I used to live in Burien when I first moved up here for the summer job at UA in '96, and that's when this project was getting started. So we're 10 years into it, and I still don't know when it's going to open.


User currently offlineSearpqx From Netherlands, joined Jun 2000, 4343 posts, RR: 11
Reply 7, posted (8 years 8 months 2 weeks 3 days 20 hours ago) and read 2522 times:

Quoting DfwRevolution (Reply 4):
Does a block of concrete and rebar 9,000 x 150 feet (approx.) really cost $1.1 billion dollars??

Nope - the original estimate was $587 million in the mid-90s. However since that time, the POS has fought ten years worth of legal battles that have doubled the price.

Arrogance is a term I've heard applied to the POS people, including those at SeaTac, on a number of occasions. But to be fair, it's not like at the first meeting they said, oh this will cost $2.6 billion, then at the next turned around and said, oh by the way, we've raised it to $6.2 billion. The airlines, including WN have been made aware every time one of POS's bad estimates was raised. Doesn't excuse the almost 300% increase, but does put it in a different light.

I have my own recommendation for opening up BFI. Go ahead and build/rebuild a terminal, necessary ground support, transportation infrastructure, etc., but it starts as and stays county owned. If you want to move to BFI, you sign a contract up front that says you will pay the % of the total costs of the build out that equal your % of operatins. That way, nobody but those airlines that choose to use the facility get stuck with the various additional costs involved in operating an airport.



"The two most common elements in the universe are Hydrogen and stupidity"
User currently offlineCharlib52 From United States of America, joined exactly 10 years ago today! , 164 posts, RR: 18
Reply 8, posted (8 years 8 months 2 weeks 3 days 20 hours ago) and read 2517 times:

Quoting StevenUhl777 (Reply 6):
and is meant to allow double landings in low visibility conditions. So the majority of the aircraft landing on it will be QX and the likes of 737s, A320, etc. Certainly not a fully loaded Cargolux or BA or NW, etc.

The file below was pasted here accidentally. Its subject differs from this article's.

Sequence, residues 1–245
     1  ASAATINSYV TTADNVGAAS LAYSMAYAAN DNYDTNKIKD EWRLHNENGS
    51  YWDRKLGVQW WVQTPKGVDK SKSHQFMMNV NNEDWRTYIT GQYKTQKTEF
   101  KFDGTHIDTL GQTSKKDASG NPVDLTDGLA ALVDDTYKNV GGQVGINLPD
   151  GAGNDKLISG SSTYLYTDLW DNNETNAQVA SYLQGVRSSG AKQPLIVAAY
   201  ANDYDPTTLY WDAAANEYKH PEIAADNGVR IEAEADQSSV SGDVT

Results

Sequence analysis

Of course the new runway is still not far enough from the others to offer simultaneous parallel approaches. ATC would still have to "stagger" the approaches diagonally, which is indeed an increase of capacity, but not nearly by double. Is it worth Billions? A new $130M BFI terminal is cheap in comparison (although, in the worst weather, nobody has made the point yet I think that SEA and BFI operate as one airport basically, to protect the missed approach of BFI...so this certainly doesn't add capacity in bad weather either.)

And I would think that for an arriving, landing heavy jet, 8500' would be plenty -- JFK's 4R is only 8400'.


User currently offlineWe're Nuts From United States of America, joined Jun 2000, 5722 posts, RR: 20
Reply 9, posted (8 years 8 months 2 weeks 3 days 20 hours ago) and read 2508 times:

Quoting Searpqx (Reply 7):
Doesn't excuse the almost 300% increase, but does put it in a different light.

But every airline, like every one of us, has its breaking point. Eventually enough is enough, and Southwest is just saying it doesn't want to make Sea-Tac its most expensive airport when BFI is right next door. That's smart business, and all it means for Sea-Tac is that someone should be getting fired.

Quoting Charlib52 (Reply 8):
Is it worth Billions?

As previously mentioned by Searpqx, the inflated figure is mostly due to legal fees thanks to our NIMBY friends.

[Edited 2005-08-08 00:21:33]


Dear moderators: No.
User currently offlineStevenUhl777 From , joined Dec 1969, posts, RR: